A fully grown Savannah Sparrow’s overall length ranges from 11-17 centimeters (4.3-6.7 inches), with a wingspan of nearly 18-25 centimeters (7.1-9.8 in). And it can weigh anywhere from 15-29 grams.
To get food, the Savannah Sparrow tends to be found on the ground and among low shrubs and trees. The grains that this bird collects from the farms and plains make up a large portion of its diet. They also consume tiny bugs and larvae that they catch up from the land or during flying, in addition to seeds and grains. As they migrate, Savannah Sparrow also stops by the backyards of bird feeders in various places to collect something to eat.
8. Loggerhead Shrike
The Lanius ludovicianus, which is alternatively called Loggerhead Shrike, is a tiny passerine bird belonging to the Laniidae family. Because they are primarily carnivorous in nature, this species is also referred to as the butcherbird.
This bird is an indigenous bird species throughout North America, and attempts are being made to expand its number. The huge head of this Loggerhead Shrike bird gives it its name.
This bird has massive wings and a nearly 4-inch lengthy tail. Grey, white, light grey, as well as black shades, are seen in the feathers.
The top part of the Loggerhead Shrike is greyish, including one white stripe separating the wings from the rear. The black and grey wings of these birds also include light-colored patches. The top of its tail is likewise black and white, with a greyish bottom. Its chest and belly are totally grey, while its legs are black.
Length & Weight
It is a bird with a body length of 7.9 to 9.1 inches (20 to 23 centimeters) and a wingspan of 11 to 12.6 inches (28 to 32 centimeters). The weight of a Loggerhead Shrike may vary from 35 to 50 grams.
This carnivorous bird feeds on frogs, beetles, lizards, tiny mammals, and even smaller birds. The Loggerhead Shrike strikes its target on the throat and afterward uses its powerful beak to pierce its prey’s body to kill and consume it rapidly. Even the deadliest poisonous snakes are no match for these birds.
9. Scissor-tailed Flycatcher
The Scissor-tailed Flycatcher, which is alternatively referred to as Tyrannus forficatus, is a large-tailed flycatcher found in North America. This bird is a migrating bird subspecies that spend the winters in South and Central America.
The Scissor-tailed Flycatcher has been given its name owing to its extraordinarily lengthy tail that resembles a scissor. The faded dark-greyish wings and black tail top part of this bird are well-known.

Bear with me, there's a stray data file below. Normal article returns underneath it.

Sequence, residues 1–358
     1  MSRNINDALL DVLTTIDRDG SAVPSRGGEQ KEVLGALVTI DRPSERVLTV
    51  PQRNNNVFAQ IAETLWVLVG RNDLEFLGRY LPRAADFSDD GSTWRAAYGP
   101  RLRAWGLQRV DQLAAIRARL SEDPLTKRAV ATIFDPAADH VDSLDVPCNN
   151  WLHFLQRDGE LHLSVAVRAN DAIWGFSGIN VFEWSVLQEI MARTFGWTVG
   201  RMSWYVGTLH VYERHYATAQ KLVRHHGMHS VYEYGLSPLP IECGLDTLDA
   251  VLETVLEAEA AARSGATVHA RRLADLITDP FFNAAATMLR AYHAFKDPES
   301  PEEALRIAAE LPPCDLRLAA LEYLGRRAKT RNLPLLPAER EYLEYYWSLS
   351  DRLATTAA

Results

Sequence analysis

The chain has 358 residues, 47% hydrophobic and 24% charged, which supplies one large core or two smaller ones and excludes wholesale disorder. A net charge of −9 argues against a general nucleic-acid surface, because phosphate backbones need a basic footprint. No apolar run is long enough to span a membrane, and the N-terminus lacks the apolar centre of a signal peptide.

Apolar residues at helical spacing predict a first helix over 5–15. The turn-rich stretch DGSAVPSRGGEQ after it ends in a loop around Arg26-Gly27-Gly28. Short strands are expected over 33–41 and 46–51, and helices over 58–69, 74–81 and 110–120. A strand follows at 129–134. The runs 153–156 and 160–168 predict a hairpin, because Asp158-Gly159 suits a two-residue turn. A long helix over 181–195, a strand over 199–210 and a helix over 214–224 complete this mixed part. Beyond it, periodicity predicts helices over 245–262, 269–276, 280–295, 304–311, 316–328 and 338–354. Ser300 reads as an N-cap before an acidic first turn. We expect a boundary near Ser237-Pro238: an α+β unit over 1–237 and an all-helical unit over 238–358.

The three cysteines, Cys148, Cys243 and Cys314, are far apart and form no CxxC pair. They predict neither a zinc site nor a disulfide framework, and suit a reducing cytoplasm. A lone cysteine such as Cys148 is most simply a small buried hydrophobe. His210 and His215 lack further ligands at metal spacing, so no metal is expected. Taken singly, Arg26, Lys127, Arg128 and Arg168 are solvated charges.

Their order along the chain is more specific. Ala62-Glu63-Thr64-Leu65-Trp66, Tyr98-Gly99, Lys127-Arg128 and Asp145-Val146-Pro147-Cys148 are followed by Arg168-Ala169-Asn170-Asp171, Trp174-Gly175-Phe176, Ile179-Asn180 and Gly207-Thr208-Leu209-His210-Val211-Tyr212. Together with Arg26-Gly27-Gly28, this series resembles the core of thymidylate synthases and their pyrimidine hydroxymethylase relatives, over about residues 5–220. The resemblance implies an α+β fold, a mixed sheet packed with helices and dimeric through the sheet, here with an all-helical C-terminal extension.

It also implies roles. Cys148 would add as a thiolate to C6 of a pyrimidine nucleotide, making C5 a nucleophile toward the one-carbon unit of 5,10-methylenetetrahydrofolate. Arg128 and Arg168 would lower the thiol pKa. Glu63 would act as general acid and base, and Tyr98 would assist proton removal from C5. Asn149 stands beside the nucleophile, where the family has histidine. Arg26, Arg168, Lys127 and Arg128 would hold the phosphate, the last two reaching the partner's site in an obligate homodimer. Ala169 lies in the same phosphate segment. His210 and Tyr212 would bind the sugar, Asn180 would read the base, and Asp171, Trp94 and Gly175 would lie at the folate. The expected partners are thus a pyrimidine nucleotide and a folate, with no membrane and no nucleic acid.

The back of this tiny bird is white in color. Its head, as well as its upper body, is light grey. It bears patches on the undersides of its wings. The bird’s belly, chest, and underbelly are predominantly greyish white.
Length & Weight
Mature Scissor-tailed Flycatchers reach an overall length of approximately 15 inches (38 centimeters) and a wingspan of approximately 15 centimeters (5.9 inches). A fully grown Scissor-tailed Flycatcher may weigh around 43 grams. Due to its extraordinarily long tail, its body length exceeds that of its wings.
It constructs its nests far inside the woods. 4 to 6 eggs are laid by the mother Scissor-tailed Flycatcher. It feeds on little insects, which they usually catch during flight. They devour tiny amphibians and fish as well. As they migrate, the Scissor-tailed Flycatcher birds make stops at the bird feeders to eat.
10. Blue-winged Teal
The Blue-winged Teal, which is alternatively called Spatula discors, is among huge ducks, geese, and swans that belong to the duck family. This bird is renowned for its vibrant appearance, which includes shades of blues, blacks, browns, whites, as well as yellows.
The Blue-winged Teal is a bird that is indigenous to central and northern parts of America, with the majority of its sightings occurring in Texas. They’ve also been spotted in other places on the planet.
This bird has blue wings and a grey-bluish head having a crescent over it, as its name indicates. This bird has a brown abdomen with patterns of black and blue. Males and females have varied appearances and plumage colors. That is the reason for their easy identification and differentiation.
Length & Weight
This bird has a wingspan of 58 centimeters (23 in and can reach a body n overall length of 40 centimeters (16 inches). The Blue-winged Teal weighs around 370 grams on average. The male is somewhat larger compared to the female, and the male’s feathers have a variety of color markings.
The food of the Blue-winged Teal comprises vegetative stuff, which they gather from the land’s surface and shallower waterways. This bird mostly consumes seeds, stalks, and foliage of submerged plants. Snails, invertebrates, and tiny insects are also among their food.